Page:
(If you have granite countertops, don’t worry. Here is a PDF from the Health Physics Society explaining more.)

Photo of a hawk print
Hawk’s Print

Above, a thing you don’t see often, since birds of prey don’t walk on the ground. But they do rocket down from the treetops onto passing squirrels and rabbits. At night, I seem to have a lot of owl activity around my ground feeder as well, to judge by the number of pellets I find. I don’t know what comes out, whether it’s mice or flying squirrels…but whatever they are, they aren’t very wary. The owls seem to be picking them off constantly. 

Brilliant Sunset
Brilliant Sunset

And finally, a super sunset from November 13.

 

Mini Almanac, November 2019

19th century color print of fall trees and hay stacks
“Harvest”, 1869, public domain, LOC.

 

THE LAND OF ‘PRETTY SOON’

 

I know of a land where the streets are paved

With the things which we meant to achieve;

It is walled with the money we meant to have saved

And the pleasures for which we grieve.

The kind words unspoken, the promises broken,

And many a coveted boon,

Are stowed away there in that land somewhere—

The land of ‘Pretty Soon.’

 

There are uncut jewels of possible fame

Lying about in the dust,

And many a noble and lofty aim

Covered with mould and rust.

And oh this place, while it seems so near,

Is farther away than the moon;

Though our purpose is fair, yet we never get there—

To the ‘Land of ‘Pretty Soon.’

 

The road that leads to that mystic land

Is strewn with pitiful wrecks,

And the ships that have sailed for its shining strand

Bear skeletons on their decks.

It is farther at noon than it was at dawn,

And farther at night than at noon;

Oh let us beware of that land down there—

The land of ‘Pretty Soon.’

 

1899, ELLA WHEELER WILCOX

 

To ask why evil exists here below is to ask why a contingent being is not an absolute being, why man is not God.

Gottfried Liebniz

 

From History of Jefferson County

Perrin 1883

 

Brain Tanning 

A great deal of clothing was made of deerskin before the raising of cotton and flax. The first efforts to tan the hides were almost a failure. A new effort, however, was introduced, which was much better. This was, after removing the hair, the skins were thoroughly rubbed and dressed with brains. They were then stretched on stakes driven into the ground around a large hole, and the hole was filled with light and rotten wood, which was set on fire. The warmth caused the brains and oil to permeate the skins and the smoke gave them a beautiful color. Tanned in this way, they were said to be very soft and pliant, and were handsome.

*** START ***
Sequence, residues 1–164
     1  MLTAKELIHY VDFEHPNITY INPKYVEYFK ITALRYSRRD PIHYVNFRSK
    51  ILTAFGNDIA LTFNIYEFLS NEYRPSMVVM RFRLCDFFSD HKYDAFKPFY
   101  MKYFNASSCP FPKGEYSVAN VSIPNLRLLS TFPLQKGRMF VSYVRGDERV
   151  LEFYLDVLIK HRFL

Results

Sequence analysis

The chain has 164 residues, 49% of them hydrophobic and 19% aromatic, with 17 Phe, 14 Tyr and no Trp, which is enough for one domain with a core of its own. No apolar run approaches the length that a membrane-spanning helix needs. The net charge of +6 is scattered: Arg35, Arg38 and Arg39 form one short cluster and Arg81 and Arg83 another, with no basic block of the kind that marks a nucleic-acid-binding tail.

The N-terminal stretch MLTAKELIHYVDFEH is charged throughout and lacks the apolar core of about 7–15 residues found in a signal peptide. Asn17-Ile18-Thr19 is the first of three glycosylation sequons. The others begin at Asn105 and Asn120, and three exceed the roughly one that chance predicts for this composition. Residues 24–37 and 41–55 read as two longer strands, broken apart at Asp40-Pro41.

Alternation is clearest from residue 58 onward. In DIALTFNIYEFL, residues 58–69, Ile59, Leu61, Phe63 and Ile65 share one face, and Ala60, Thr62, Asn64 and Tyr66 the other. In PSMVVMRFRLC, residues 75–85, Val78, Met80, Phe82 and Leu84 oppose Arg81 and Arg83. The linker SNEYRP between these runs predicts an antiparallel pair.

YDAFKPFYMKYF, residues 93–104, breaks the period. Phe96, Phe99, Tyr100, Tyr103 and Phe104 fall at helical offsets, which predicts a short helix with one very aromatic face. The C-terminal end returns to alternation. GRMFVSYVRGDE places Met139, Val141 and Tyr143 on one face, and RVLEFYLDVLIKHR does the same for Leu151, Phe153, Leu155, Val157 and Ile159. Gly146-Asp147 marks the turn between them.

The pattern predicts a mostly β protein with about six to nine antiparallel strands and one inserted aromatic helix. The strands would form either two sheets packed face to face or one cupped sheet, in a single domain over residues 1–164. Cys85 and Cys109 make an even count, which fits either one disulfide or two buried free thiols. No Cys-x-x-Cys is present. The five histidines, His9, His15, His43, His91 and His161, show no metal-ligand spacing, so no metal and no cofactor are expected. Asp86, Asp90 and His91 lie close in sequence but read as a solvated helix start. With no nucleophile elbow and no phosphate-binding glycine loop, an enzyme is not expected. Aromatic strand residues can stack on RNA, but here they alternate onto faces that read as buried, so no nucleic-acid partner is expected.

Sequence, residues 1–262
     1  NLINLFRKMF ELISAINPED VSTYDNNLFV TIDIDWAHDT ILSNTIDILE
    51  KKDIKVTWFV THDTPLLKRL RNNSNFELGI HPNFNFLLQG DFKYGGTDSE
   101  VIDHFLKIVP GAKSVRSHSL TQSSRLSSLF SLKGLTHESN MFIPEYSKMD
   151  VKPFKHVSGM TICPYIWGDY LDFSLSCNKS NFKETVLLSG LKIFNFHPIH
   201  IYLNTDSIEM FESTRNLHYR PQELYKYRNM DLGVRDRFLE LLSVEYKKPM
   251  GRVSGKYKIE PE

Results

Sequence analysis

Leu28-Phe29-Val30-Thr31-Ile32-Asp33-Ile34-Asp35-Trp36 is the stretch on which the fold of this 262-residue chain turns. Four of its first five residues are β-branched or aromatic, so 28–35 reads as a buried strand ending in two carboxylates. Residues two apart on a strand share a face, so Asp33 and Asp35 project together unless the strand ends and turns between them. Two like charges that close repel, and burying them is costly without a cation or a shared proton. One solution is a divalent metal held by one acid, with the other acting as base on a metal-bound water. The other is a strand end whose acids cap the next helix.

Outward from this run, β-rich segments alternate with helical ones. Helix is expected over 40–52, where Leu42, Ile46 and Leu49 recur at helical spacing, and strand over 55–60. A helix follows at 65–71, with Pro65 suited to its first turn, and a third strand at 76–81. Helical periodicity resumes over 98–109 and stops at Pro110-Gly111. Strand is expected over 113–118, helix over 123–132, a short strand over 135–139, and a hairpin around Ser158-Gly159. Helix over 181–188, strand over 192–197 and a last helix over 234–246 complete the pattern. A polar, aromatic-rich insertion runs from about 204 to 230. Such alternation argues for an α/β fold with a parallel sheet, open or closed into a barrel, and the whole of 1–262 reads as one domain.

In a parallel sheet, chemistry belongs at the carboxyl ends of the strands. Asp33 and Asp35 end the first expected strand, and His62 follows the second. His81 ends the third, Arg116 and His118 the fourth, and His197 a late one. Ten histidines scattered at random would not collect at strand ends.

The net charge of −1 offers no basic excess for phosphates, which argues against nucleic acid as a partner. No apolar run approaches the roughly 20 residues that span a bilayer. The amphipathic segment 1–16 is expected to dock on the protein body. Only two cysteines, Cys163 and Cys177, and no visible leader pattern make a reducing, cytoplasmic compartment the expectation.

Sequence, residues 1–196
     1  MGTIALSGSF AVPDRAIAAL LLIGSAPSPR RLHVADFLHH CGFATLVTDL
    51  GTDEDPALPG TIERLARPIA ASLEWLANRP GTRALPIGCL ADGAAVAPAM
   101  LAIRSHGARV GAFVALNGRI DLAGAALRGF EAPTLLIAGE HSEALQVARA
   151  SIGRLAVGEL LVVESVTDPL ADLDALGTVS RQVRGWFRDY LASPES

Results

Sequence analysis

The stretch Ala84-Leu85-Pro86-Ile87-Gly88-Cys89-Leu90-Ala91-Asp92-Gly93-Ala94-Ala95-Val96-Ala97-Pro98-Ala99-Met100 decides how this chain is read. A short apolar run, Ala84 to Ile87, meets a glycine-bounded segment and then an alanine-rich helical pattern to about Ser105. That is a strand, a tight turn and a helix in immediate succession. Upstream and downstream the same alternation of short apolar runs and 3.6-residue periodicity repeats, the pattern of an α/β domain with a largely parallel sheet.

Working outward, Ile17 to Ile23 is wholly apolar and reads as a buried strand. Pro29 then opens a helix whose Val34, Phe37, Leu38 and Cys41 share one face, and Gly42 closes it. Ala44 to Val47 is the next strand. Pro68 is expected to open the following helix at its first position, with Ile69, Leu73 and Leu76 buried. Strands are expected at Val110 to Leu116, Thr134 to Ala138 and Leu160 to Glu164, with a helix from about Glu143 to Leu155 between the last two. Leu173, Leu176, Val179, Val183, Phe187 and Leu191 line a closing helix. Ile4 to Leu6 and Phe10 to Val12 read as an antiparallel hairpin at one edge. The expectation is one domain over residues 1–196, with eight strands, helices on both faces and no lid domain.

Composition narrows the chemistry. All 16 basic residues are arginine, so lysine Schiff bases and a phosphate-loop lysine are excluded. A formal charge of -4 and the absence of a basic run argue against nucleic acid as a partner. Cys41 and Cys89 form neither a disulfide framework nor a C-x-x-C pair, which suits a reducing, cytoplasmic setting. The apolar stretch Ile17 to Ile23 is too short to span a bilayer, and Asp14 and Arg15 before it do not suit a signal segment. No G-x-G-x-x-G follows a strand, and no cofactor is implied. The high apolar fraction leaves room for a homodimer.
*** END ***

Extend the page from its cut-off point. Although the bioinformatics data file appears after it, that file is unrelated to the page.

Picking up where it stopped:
An anecdote of Judge G. W. Wall, born in Chillicothe, Ohio, April 22, 1839, moved in infancy to Perry County, Illinois.

 

He was attorney for the Illinois Central Railroad, and while thus acting, a good story is told of him. He was called upon to attend a case at Effingham for the railroad, which had been sued by a citizen for the value of stock killed by defendants’ train. The venerable and every-ready O. B. Ficklin was prosecuting the company, together with some other attorney whose name is not now remembered. The evidence was heard, and counsel went to the jury. The plaintiff’s case was opened by Ficklin’s associate, who indulged in considerable bunkum and bombast about giant corporations, etc. After he closed, Wall replied for the defense, and during the course of his remarks compared the gentleman who had preceded him to Dickens’s famous character of “Sergeant Buzfuz”, and, as he thought, completely annihilated the gentleman, and left nothing to be done but for the jury to return a verdict for the defendant, and thus closed his case.